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 image for design and art combine for a stronger visitor experience project

design and art combine for a stronger visitor experience

The art of engaging

Sheffield design studio Field have teamed up with The Windermere Jetty Museum and The Knotted Project to create 'WRECKED!', an immersive and experiential exhibition chronicling the stories of lost boats, objects and lives on the bed of Lake Windermere. The museum is Lakeland Arts flagship project, a striking black boatshed perched along the edge of Lake Windermere. The RIBA Stirling Prize 2021 shortlisted space, designed by Carmody Groake, juts into the water, welcoming visitors to land, from water, and into a museum space, café and visitor centre. 

“The challenges in this project were the starting points for its best features”, says Field’s creative director Jonny Briggs. “The budget was modest and the space was huge. It’s a new focal point on the Lake District’s most commercial lake, but the building shows a darker, more jagged side to Lakeland life. It forced us to be inventive, and we created a world within a world here that brings depth to the museum experience.”

The re-imagining of the space, with a sub-structure of scaffolding, and the use of fabric, light and air feels like a descent into the water, bringing drama to the minimalist interior just as the building does to its surroundings. 

 image for design and art combine for a stronger visitor experience project
 image for design and art combine for a stronger visitor experience project
 image for design and art combine for a stronger visitor experience project

“We transformed a white room into a space that immediately immerses the visitor, and not only presents the fascinating stories of Lake Windermere, but makes you feel part of them in an engaging, sensory experience”,says Field’s project design lead Emily Appleton. 

The scaffold structure cuts into the cavernous gallery and carves up the room, lowering the ceiling. Lengths of voile soften the space and move gently in the air flow and water-vapour mists (requirements of the museum to maintain their impressive collection of historic boats).

Sounds and images flicker through the gently lapping fabric, translucent green window vinyl and lighting gels cast a watery light that deepens as you travel through the room – the display of artefacts becomes a compelling, multi-sensory experience.

“There’s even a slight creak from some of the scaffolding,” adds Peter Dixon, who led the Architectural interpretation for the project, “so that, along with this sort of ‘mistiness’ from the humidity controls, light effects and sound provides a sense of theatre and ambience of being submerged within the depths of the lake. Ultimately you feel as if you’re in an altered world before you emerge back out of the depths and into the museum, as if you’re rising to the surface again at the end.” 

 image for design and art combine for a stronger visitor experience project
 image for design and art combine for a stronger visitor experience project

The client – Lakeland Arts – hadn’t been looking for designers to collaborate with at first. “We were initially looking for artists to bring the artefacts to life, to make it an experience,” explains Ben Ben Haigh, the Exhibitions & Collections Manager. “But Field presented some thinking that seemed to cross from design into the artistic and back again. They’ve given the show a strong graphic identity and these familiar graphic themes that run throughout, but they’ve also created a spatial experience, something that really engages people. It means they can relate to the lake on a different level, know it through different time periods, experiences and objects.”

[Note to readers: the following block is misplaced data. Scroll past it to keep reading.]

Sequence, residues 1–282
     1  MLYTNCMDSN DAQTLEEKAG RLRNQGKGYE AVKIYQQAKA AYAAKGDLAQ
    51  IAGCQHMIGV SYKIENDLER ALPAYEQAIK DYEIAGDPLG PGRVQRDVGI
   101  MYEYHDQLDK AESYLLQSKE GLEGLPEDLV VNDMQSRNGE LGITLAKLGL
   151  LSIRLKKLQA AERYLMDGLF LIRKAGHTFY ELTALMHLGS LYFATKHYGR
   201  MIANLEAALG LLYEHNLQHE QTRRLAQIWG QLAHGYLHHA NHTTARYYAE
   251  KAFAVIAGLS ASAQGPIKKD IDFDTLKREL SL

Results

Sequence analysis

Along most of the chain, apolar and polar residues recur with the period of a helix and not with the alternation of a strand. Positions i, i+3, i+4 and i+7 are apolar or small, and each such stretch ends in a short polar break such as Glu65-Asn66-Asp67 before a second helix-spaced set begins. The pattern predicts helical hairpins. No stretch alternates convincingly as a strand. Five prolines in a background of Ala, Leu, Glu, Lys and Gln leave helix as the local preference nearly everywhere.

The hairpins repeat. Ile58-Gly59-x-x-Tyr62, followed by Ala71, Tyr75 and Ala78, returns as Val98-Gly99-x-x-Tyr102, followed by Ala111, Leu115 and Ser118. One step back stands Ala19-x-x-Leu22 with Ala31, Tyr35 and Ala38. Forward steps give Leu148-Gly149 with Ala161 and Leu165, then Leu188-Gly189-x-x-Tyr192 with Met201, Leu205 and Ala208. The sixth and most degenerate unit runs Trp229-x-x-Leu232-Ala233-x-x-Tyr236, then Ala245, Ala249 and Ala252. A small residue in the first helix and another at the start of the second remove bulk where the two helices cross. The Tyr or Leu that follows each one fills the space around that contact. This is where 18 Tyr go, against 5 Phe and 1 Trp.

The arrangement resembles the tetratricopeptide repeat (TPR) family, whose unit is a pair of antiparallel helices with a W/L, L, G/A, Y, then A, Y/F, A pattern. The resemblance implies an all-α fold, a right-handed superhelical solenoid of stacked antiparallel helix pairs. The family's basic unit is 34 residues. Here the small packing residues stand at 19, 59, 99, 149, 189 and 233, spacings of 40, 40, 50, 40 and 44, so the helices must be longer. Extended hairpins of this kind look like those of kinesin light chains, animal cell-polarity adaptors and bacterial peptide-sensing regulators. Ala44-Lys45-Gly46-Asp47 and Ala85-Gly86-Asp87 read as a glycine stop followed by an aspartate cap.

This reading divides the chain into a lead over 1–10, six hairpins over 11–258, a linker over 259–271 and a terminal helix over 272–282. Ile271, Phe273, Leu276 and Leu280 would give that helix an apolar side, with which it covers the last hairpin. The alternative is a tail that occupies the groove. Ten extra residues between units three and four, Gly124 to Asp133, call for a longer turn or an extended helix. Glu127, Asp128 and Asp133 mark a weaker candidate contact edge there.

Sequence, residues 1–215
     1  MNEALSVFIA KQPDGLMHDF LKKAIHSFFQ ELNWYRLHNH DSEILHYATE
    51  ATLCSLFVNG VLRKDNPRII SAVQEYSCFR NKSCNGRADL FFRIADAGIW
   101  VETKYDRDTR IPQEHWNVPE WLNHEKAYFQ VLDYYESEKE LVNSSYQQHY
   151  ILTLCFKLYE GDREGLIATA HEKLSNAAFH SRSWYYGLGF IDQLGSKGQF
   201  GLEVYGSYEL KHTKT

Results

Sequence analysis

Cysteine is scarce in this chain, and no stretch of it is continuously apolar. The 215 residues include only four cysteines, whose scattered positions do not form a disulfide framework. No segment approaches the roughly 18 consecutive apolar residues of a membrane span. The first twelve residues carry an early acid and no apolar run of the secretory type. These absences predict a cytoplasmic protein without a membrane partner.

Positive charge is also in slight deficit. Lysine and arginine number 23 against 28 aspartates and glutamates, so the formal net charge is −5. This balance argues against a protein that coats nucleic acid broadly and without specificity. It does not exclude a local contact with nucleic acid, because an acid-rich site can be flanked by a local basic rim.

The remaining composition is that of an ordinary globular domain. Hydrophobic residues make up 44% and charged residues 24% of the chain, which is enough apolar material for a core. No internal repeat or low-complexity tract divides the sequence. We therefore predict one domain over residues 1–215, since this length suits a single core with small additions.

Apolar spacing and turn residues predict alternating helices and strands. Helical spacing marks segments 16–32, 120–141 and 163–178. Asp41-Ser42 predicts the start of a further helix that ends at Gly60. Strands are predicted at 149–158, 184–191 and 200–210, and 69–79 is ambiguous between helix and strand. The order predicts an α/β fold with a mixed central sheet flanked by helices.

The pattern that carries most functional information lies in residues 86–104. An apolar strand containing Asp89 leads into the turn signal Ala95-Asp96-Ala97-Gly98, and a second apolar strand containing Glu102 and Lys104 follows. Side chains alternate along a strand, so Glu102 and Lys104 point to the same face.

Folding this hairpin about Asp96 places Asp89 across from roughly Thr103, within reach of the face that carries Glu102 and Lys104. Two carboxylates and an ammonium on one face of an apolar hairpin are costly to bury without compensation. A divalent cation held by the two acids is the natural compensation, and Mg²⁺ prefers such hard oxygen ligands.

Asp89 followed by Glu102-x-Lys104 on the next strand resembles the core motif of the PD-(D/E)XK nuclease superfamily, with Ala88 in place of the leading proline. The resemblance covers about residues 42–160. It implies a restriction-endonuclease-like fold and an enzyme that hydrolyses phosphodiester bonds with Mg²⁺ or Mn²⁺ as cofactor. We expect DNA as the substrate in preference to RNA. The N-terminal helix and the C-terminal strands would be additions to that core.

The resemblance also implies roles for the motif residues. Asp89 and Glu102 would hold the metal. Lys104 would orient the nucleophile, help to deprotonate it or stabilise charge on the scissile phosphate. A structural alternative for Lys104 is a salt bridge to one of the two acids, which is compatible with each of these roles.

Once the concept was agreed, it required a collective and co-ordinated effort to bring the approach and materials together to form this unique and intriguing exhibition. A local metal artist and fabricator treated steel panels to create a sense of age and decay. Field worked with the team from Knotted Project to maintain a cohesive and compelling narrative across the site while members of the museum team assisted with the installation. The legacy of the project was also a major consideration. “The simple intervention of scaffold, steel and fabric allows us to consider sustainability and the life of the materials after the exhibition” explains Jonny. “The scaffold will be dismantled and moved on to another site, the fabric will go to local colleges and the display cases re-purposed”.

“I like to think we’ve shown what can be done”, says Emily “even with a limited budget and challenging space. It was about teamwork, getting creative, and a commitment to delivering a conceptually strong narrative within a limited footprint. I’m really proud that we ultimately built what we intended to - we didn’t compromise and we found a way. It made it fun to work on and paid off for the visitors.”

Even running through parts of the pandemic, and restrictions, Wrecked! has seen an increase in visitor numbers to the centre. The exhibition is open until March 6th 2022 and a decision is pending on its extension until April 19th 2022.